Consider a boat loaded with scrap iron in a swimming pool. If the iron is thrown overboard into the pool, will the water level at the edge of the pool rise, fall, or remain unchanged? Ch 13-6 Answer: 2 The water level at the side of the pool will fall because the iron will displace less water submerged than when floating. When floating it displaces its weight of water (a lot!)—when submerged it displaces only its volume (less because iron is more dense than water). 1. Rise 2. Fall 3. Remain unchanged

1. half. 2. the same. 3. twice. 4. more than twice.
The weight of the stand and suspended solid iron ball is equal to the weight of the container of water as shown above. When the ball is lowered into the water the balance is upset. The amount of weight that must be added to the left side to restore balance, compared to the weight of water displaced by the ball, would be Ch 13-8 1. half. 2. the same. 3. twice. 4. more than twice.

1. half. 2. the same. 3. twice. 4. more than twice.
The weight of the stand and suspended solid iron ball is equal to the weight of the container of water as shown above. When the ball is lowered into the water the balance is upset. The amount of weight that must be added to the left side to restore balance, compared to the weight of water displaced by the ball, would be Ch 13-8 Answer: 3 The additional weight that must be put on the left side to restore balance will equal twice the buoyant force, that is, twice the weight of water displaced by the submerged ball. Why twice? Because what the right side gains due to submersion and the heightened water level, the left side loses. (For example, if each side initially weighs 10 N and the right side gains 2 N to become 12 N, the left side loses 2 N to become 8 N. So an additional weight of 4 N, not 2 N, is required on the left side to restore balance.) 1. half. 2. the same. 3. twice. 4. more than twice.

1. doesn’t change. 2. shows an increase. 3. shows a decrease.
Gently push down on the pan of the scale and the display shows an increase in force. Likewise if you do the same on the rim of the beaker. But what if you immerse your fingertip in the water, without touching the beaker? Then the scale reading 1. doesn’t change. 2. shows an increase. 3. shows a decrease. Ch 13-9 Thanks to Peter Hopkinson.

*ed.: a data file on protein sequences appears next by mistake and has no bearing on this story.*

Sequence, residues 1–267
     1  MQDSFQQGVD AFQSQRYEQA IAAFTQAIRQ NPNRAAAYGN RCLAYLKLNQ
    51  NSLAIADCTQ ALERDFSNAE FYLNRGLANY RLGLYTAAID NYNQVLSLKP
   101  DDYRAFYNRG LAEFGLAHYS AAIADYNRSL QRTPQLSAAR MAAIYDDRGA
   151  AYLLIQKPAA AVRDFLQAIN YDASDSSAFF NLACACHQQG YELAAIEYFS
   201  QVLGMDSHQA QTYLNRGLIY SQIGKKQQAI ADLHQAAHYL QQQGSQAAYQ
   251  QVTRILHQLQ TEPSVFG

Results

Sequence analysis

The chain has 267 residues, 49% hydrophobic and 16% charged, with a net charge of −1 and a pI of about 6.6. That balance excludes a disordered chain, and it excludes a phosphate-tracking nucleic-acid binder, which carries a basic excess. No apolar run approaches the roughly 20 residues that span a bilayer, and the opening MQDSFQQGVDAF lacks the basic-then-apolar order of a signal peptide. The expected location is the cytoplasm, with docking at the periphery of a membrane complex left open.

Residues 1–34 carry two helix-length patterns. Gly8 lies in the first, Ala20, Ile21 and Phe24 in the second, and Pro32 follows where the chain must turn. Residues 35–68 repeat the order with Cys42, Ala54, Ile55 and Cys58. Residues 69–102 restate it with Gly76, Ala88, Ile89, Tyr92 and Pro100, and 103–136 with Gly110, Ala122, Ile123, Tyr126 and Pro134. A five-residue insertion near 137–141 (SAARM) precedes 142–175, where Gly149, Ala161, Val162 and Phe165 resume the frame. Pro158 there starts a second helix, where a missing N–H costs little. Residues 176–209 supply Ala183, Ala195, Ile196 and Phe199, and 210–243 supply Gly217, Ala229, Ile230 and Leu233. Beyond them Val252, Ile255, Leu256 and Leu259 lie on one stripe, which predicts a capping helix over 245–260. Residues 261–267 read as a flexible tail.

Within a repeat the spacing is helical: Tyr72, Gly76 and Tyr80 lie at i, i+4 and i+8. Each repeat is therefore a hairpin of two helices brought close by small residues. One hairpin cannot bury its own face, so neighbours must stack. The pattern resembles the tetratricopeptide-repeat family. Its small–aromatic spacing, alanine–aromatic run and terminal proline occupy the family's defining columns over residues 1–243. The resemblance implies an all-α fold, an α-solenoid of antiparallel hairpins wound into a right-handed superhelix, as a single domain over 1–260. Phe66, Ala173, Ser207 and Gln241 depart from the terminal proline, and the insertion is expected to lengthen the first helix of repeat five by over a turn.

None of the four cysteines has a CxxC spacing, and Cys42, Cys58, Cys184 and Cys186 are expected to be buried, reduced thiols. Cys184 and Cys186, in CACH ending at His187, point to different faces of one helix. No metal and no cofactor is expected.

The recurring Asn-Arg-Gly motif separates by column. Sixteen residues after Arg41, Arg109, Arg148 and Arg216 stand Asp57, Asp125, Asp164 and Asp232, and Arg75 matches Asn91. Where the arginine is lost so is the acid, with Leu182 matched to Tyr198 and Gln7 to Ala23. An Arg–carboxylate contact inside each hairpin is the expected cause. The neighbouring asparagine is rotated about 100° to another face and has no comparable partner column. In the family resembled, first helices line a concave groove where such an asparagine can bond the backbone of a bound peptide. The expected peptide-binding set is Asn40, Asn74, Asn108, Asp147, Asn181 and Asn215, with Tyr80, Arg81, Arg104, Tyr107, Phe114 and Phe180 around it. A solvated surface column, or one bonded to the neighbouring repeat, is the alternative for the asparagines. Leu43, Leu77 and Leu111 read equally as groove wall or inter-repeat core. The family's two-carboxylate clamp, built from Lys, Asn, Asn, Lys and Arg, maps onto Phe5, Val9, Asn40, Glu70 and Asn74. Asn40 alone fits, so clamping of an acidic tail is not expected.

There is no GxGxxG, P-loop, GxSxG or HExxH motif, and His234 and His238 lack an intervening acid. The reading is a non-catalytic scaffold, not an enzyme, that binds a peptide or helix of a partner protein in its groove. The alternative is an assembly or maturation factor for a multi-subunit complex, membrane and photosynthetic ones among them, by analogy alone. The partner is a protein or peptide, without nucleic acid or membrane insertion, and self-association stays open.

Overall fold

1. doesn’t change. 2. shows an increase. 3. shows a decrease.
Gently push down on the pan of the scale and the display shows an increase in force. Likewise if you do the same on the rim of the beaker. But what if you immerse your fingertip in the water. without touching the beaker? Then the scale reading 1. doesn’t change. 2. shows an increase. 3. shows a decrease. Ch 13-9 Thanks to Peter Hopkinson. Answer: 2 Consider the system of beaker and water, resting in equilibrium on the scale. Before your finger is introduced, the only downward force on the system is the weight of both beaker and water. The scale supplies an equal upward force, the normal force shown by the scale reading. Now add another downward force—that of your finger poking into the water. How big is this force? It is as big as the buoyant force on your finger—equal to the weight of water displaced. This additional downward force on the system increases the normal force supplied by the scale. Hence the scale reading increases.

Consider a solid brass cube and a solid brass sphere that have equal surface areas. When both are completely submerged in water, the one experiencing the greater buoyant force is the 1. cube. 2. sphere. 3. … both the same. 4. … not enough information to say. Ch 13-11 Thanks to Hasan Fakhruddin.

Consider a solid brass cube and a solid brass sphere that have equal surface areas. When both are completely submerged in water, the one experiencing the greater buoyant force is the 1. cube. 2. sphere. 3. … both the same. 4. … not enough information to say. Ch 13-11 Thanks to Hasan Fakhruddin. Answer: 2 A sphere confines the largest possible volume within a given surface area. Buoyant force is equal to the weight of displaced water, and the greater-volume sphere displaces a greater volume, and hence greater weight, of water than the cube. So the sphere experiences the greater buoyant force.